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Oct 17, 2005

NEW YORK, NY October 17, 2005 - Manhattan Pharmaceuticals, Inc. (AMEX: MHA) announced preliminary results from two Phase I clinical trials of oleoyl-estrone (OE), an experimental, orally administered small molecule in development for the treatment of obesity. The data were presented in a poster yesterday at the 2005 Annual Scientific Meeting of NAASO, The Obesity Society, in Vancouver, BC.

The Phase I study, conducted in Switzerland, was done in two parts which consisted of a single dose study and a seven day repeat dose study. The primary purpose was to assess the safety, tolerability and pharmacokinetics of OE. Some efficacy parameters were included and measured in the repeat dose component of the study.

Highlights of the study included:

  • OE was generally well tolerated at all doses investigated.
  • OE demonstrated evidence of reduction in weight.
  • OE demonstrated evidence of: reduction in desire to eat and hunger level, reduction in prospective food consumption, reduced fasting glucose, reduced LDL cholesterol and changes in other key measures.
  • There were no clinically significant changes in the physical exams, vital signs, ECGs, coagulation or liver function tests.
  • No serious adverse events were reported. Clinical laboratory findings included reversible, dose-dependent elevations in estrone and estradiol levels as well as reductions in testosterone levels.

Phase Ia was a dose-escalating study to measure OE's pharmacokinetic profile, safety and tolerability in 36 obese males and females ages 18-65, with a body mass index greater than 30.0 (a BMI of greater than 30.0 is classified as obese per guidelines from the U.S. Department of Health and Human Services). Twelve of the subjects received placebo and 24 received a single dose of OE in one of six doses ranging from 1mg to 150mg.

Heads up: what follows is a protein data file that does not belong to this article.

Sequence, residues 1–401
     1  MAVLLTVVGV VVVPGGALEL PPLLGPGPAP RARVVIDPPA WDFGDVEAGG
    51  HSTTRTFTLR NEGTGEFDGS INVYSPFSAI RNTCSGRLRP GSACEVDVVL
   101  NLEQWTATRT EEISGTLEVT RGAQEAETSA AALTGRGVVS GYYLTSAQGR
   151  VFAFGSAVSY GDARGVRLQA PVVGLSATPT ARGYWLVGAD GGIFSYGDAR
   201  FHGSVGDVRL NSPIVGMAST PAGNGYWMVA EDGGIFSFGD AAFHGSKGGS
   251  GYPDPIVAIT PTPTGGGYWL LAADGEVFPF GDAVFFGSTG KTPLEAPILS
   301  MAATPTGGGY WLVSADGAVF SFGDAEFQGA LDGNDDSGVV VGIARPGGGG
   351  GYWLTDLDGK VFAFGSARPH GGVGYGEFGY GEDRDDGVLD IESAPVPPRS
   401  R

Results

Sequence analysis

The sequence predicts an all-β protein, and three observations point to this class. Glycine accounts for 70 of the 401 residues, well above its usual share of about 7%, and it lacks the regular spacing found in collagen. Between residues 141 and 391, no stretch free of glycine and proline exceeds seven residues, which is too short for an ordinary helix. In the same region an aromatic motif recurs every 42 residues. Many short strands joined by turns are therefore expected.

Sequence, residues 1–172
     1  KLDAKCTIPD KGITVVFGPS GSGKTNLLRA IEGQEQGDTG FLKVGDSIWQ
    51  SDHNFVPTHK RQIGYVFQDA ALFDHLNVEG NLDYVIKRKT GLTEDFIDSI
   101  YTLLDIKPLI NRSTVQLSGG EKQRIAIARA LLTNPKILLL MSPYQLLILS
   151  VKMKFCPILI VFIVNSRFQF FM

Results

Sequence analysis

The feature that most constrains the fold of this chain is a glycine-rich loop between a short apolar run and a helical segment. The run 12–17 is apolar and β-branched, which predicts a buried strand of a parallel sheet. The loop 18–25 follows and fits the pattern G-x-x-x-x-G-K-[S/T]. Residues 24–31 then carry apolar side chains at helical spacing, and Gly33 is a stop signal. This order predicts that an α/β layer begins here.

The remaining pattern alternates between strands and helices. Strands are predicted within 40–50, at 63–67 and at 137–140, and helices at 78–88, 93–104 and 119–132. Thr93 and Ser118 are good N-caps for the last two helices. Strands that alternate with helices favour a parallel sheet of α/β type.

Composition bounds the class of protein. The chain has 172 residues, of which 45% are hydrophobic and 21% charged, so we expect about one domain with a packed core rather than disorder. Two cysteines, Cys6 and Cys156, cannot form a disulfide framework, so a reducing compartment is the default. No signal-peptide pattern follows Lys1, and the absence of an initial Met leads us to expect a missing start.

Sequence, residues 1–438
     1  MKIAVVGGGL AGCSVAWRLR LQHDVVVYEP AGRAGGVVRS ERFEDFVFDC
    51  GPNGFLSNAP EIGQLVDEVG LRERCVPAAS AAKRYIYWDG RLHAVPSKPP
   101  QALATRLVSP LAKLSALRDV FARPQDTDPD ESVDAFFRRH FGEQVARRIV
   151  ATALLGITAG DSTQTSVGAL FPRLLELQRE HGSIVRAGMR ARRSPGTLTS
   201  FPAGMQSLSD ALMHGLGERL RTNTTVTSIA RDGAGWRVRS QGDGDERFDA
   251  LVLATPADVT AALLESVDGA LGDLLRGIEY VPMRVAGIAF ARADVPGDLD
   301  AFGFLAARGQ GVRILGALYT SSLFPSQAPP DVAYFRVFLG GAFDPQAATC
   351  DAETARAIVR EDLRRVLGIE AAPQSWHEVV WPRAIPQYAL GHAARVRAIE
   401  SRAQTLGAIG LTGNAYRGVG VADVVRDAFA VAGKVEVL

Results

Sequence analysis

Phase Ib measured OE's safety and tolerability in 24 obese volunteers in four cohorts of six patients each who received either placebo or OE in doses ranging from 10mg to 150mg once daily for seven consecutive days. The protocol provided that subjects should maintain their normal diet and level of activity, but required that subjects abstain from consuming alcohol.

The OE-treated groups in the Phase Ib study demonstrated evidence of greater weight loss than the placebo group. Weights were assessed at baseline, Day 15, and Day 28. Weight loss appeared to be maintained for longer periods in the OE groups compared to placebo at Day 28, twenty-one days following cessation of treatment. This data may support the contention that the mechanism of action of OE involves a "resetting" of the ponderostat, or appetite "set point". It also provides a rationale for testing alternative regimens such as low or intermittent dosing.